Everybody has a trick for entering their writing. They light candles, turn on Mozart, twirl three times counterclockwise. Me, I cook.
This is new. And it isn’t the cooking, really, it’s the smell. Seems I need the simmering of onions to enter the dream of my book.
It’s morning, and I find myself reaching for a buttercup squash and a cutting board, a knife instead of a pen. Last night I noticed it had some soft spots. When I came downstairs on a tea break, code for “couldn’t get started,” I found myself, as if there were no choice, no decision or action taken, as if a force outside myself had taken over—yes, I found myself cutting the spoiled patches into the compost which was full and needed emptying, and then contemplating the fat seeds and remembering the volunteer squashes that visited in gardens past—and thinking about how my character, Nana, would probably have sorted the seeds and dried them, keeping the okay fragments of squash as she trimmed the bad parts.
I noticed the perfection of the shiitake mushrooms, delighting in their texture and purity as I sliced into their springy selves, almost talking to them in that strange possessive way I sometimes have around vegetables—and still I did not realize what I was up to. Just “suddenly” inspired to get soup going in the morning? Really?
I continued to coax the onions out of their crisp parchment as if that were writing. Added each ingredient to the boil as if I’d given birth to them myself. Pretended I was simply being organized for once, preparing a lunch/dinner/lunch for when hunger might strike. Once the pot began sputtering and muttering, I calmed it to a simmer and climbed the stairs back to my tower room and my littered desk. And then—the smell.
Is Smell even a good enough word? The Aroma, the DREAM of the vegetables drifted and circled and I realized my novel was being cooked and curated by the kitchen. Every time I smelled a rich and distracting brew from below, the words slipped out with ease. Could it be I was writing by smell?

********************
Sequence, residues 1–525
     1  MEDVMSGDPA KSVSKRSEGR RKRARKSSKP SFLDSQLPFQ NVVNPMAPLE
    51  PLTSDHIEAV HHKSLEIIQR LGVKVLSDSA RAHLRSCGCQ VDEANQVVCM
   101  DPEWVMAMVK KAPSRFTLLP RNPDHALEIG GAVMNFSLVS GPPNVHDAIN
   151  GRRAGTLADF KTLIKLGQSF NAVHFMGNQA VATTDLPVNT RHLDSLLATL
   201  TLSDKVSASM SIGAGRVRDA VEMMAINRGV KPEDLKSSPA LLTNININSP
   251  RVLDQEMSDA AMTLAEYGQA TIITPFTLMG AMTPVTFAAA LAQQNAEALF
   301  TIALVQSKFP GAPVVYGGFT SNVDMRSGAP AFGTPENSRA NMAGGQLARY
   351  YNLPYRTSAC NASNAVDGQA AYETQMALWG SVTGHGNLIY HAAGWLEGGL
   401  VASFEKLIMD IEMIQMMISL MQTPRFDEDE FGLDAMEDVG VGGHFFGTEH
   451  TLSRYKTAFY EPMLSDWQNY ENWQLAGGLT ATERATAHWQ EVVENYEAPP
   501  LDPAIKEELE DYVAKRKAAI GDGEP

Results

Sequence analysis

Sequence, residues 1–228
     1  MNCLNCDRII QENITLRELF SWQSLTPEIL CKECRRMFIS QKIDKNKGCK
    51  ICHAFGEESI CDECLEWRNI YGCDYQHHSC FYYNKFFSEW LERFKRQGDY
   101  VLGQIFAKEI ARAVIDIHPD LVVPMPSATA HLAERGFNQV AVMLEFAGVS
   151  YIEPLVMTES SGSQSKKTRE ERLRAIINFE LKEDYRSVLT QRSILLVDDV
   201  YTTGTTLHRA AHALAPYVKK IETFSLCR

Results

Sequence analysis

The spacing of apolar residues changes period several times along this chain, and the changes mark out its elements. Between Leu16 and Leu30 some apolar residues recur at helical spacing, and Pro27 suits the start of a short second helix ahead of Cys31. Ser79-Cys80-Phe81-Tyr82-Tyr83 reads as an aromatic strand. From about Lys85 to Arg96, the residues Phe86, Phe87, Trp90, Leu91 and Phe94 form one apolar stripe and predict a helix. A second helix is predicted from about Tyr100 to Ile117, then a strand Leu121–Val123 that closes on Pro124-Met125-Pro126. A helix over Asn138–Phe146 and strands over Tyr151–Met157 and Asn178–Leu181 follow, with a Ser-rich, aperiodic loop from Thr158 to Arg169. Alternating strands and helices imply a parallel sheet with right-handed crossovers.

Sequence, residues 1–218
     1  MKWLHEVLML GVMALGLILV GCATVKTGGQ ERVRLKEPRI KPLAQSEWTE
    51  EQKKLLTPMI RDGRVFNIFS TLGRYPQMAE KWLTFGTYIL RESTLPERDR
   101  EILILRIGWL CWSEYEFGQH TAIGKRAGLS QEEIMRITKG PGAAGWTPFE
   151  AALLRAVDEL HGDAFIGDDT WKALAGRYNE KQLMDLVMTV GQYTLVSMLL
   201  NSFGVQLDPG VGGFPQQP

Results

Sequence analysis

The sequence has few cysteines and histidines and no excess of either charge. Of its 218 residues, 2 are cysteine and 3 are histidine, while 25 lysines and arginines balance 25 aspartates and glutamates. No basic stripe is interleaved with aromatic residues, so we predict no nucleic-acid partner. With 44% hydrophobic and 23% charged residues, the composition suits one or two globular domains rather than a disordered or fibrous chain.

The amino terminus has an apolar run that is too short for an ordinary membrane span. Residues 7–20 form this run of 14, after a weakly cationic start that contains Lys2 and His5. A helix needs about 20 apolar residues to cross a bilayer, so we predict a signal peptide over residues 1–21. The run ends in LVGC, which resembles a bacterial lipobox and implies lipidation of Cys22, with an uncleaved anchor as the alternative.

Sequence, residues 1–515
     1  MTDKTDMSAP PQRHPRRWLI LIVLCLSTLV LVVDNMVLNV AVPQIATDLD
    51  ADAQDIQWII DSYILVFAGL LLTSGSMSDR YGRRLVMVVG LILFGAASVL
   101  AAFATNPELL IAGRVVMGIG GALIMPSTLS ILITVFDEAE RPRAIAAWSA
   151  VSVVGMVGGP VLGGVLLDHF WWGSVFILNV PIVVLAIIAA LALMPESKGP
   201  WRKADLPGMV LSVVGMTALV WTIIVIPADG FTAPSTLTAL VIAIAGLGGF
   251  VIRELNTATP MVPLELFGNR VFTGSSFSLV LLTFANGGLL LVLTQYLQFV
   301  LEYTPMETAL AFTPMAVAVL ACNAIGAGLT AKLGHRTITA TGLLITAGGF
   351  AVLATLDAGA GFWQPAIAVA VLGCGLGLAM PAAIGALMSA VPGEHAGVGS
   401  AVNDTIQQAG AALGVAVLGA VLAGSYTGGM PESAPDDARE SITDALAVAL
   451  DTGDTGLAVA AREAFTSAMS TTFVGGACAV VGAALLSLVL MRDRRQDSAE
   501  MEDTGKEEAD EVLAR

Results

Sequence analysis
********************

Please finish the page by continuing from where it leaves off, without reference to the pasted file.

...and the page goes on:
Since that first moment, I have come to really embrace this kitchen technique, to accept that every book has its own way of being in the world, and why not mine in this way? Still, sometimes I worry it’s a trap. I’ve begun to think the book is all about food.
Of course as writers we’ve been told sensual details matter, ground scene. When you read that part about the soup making, could you visualize the process? Could you smell the onion or hear the sound of the skin as I removed it? How would you take that into your own writing?
What about a scene where some of your characters chat while one of them is making squash soup? Checking out the fridge? Food shopping? Smelling scallions fresh from the garden?
Sometimes, when writing gets hard, it’s good to put my hands to an everyday task and get out of my head and into my body’s experience of the world. I often use the Everyday as a bridge to my characters to find out what they are thinking or help them move to what’s next or use it to help ME find what’s next. So maybe I shouldn’t be so surprised by how powerfully the smell technique inspires me.
Tell me, what are your tricks? Do they vary from project to project? Or do you have one size that fits all? I bet I’m not the only one wondering. Do you cook, dance, walk?
Hang upside down?
Not that you even need anything at all to get you going. Some days the story just calls and you go to it. But other times, you just need to make soup.